It’s estimated that the implementation of this act will directly impact up to two million employees who are currently juggling paid employment and caregiving responsibilities.

What is a dependent?

The Carer’s Leave Act has defined a dependent as any of the following:

  1. A spouse, civil partner, child or parent of the employee
  2. Somebody who lives in the same household as the employee (excluding boarders, employees, lodgers and tenants)
  3. Somebody who reasonably relies on the employee to provide or arrange care

What is a long-term care need?

The Carer’s Leave Act specifies that a dependent will have a long-term care need if:

  1. They have a physical or mental injury that requires (or is likely to require) care for more than three months
  2. They have a disability for the purposes of the Equality Act 2010 (this means that they must have a mental or physical impairment which has a substantial and long-term effect on their ability to do day-to-day activities)
  3. They require care for a reason connected to their old age

Check out our Carer’s Leave Act webinar for more information on this topic.

Carers in the Workplace Statistics 2024

Our key findings

The Seniorcare by Lottie team have pulled together several stats highlighting the importance of the Carer’s Leave Act, including:

Office for National Statistics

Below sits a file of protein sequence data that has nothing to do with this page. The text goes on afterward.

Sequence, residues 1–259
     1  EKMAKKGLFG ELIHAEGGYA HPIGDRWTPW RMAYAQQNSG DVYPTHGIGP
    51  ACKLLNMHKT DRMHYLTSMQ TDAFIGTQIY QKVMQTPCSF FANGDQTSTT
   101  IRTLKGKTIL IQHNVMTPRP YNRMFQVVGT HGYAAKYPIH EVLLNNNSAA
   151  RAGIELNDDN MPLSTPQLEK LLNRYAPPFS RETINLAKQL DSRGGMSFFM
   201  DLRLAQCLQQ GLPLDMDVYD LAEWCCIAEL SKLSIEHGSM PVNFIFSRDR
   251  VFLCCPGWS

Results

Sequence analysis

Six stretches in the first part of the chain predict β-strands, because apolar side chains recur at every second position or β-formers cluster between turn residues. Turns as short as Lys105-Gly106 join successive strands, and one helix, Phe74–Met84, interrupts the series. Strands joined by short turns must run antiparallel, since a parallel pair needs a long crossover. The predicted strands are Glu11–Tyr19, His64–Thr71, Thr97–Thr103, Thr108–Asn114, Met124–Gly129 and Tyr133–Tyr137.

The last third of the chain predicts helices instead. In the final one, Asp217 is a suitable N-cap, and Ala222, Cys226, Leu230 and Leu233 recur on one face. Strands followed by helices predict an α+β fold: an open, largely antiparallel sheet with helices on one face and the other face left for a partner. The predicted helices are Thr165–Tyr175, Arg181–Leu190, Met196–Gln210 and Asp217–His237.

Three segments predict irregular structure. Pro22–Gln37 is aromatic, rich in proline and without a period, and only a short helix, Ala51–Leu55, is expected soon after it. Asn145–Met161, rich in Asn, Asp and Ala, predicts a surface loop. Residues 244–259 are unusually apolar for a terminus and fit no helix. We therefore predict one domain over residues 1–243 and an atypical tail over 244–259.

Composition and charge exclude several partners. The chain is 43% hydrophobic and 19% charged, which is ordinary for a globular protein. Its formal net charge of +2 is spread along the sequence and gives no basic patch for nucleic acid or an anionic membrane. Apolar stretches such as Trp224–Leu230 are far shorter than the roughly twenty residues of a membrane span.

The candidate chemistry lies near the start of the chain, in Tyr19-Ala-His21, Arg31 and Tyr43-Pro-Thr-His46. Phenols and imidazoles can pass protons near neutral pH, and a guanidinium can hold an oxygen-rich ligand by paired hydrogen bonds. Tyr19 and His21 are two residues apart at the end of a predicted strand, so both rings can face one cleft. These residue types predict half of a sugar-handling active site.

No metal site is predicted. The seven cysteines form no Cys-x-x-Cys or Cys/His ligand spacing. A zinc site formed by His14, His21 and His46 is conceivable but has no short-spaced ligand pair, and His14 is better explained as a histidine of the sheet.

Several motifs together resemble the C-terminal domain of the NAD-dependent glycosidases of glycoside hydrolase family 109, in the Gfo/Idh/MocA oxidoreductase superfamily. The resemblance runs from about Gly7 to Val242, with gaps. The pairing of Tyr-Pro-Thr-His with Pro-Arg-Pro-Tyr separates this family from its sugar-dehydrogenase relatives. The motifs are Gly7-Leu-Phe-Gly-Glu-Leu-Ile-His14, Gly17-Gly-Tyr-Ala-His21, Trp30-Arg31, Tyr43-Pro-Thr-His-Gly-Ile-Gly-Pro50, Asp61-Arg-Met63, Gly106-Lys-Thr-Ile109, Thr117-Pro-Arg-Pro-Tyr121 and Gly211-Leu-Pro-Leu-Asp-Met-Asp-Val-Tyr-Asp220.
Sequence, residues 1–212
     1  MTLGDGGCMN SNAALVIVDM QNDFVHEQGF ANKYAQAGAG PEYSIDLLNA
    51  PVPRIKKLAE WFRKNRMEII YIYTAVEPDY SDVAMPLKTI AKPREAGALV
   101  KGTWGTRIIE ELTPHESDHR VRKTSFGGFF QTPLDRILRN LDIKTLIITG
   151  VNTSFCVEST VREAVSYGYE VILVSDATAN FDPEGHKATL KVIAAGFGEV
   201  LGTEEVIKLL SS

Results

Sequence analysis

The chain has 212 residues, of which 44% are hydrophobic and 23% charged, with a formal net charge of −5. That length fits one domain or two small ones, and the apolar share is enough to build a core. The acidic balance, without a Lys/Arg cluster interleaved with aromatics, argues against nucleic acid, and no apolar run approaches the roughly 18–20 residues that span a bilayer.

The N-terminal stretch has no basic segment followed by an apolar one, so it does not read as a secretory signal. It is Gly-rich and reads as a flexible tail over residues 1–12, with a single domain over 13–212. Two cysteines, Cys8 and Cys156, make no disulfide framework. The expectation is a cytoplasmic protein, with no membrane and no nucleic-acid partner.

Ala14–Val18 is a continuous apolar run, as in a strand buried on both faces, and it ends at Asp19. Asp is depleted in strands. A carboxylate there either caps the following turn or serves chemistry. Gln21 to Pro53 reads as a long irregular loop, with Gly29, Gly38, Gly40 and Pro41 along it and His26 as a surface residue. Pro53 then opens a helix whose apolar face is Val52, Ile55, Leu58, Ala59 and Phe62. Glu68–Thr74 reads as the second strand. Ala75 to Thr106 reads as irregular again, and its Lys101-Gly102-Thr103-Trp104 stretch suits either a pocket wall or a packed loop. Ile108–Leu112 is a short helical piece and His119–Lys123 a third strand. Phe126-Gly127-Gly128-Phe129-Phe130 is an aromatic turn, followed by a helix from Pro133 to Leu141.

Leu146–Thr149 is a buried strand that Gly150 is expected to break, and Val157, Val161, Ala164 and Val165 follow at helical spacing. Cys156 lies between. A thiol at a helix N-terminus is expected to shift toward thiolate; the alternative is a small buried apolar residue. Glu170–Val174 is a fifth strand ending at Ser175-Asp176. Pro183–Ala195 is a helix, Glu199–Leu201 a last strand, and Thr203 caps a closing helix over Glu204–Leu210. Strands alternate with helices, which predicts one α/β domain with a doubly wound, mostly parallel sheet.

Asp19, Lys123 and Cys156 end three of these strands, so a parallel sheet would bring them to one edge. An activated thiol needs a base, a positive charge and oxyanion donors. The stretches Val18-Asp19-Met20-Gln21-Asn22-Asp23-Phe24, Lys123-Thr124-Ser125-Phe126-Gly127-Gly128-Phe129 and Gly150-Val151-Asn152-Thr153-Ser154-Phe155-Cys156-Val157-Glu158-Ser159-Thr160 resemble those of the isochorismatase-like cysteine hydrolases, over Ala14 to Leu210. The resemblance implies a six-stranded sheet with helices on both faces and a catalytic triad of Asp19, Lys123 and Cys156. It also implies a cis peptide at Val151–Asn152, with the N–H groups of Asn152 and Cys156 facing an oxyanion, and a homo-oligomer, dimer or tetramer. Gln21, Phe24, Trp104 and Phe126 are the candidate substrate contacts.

The Office for National Statistics have also conducted research about people juggling caring and working responsibilities. Most startingly, they predicted that by 2024, more employees would have an elderly person dependent on them than a child.

They also found that:

  • 80% of employees with eldercare responsibilities have admitted that balancing work and care affects their performance, yet only 20% of organisations were aware of this
  • Since COVID-19, 2.8 million workers have taken on carer responsibilities
  • 350,000 employees leave work every year to care for a loved one

Carers Trust

The Carers Trust commissioned YouGov to carry out polling of the general public, including adults who currently provide unpaid care. These findings can be read in this Carers Week report.

Some of the key statistics uncovered were that:

  • 50% of the general public have provided unpaid care at some point in their lives
  • 50% of workers are stressed due to their caregiving responsibilities, with 20% falling ill as a result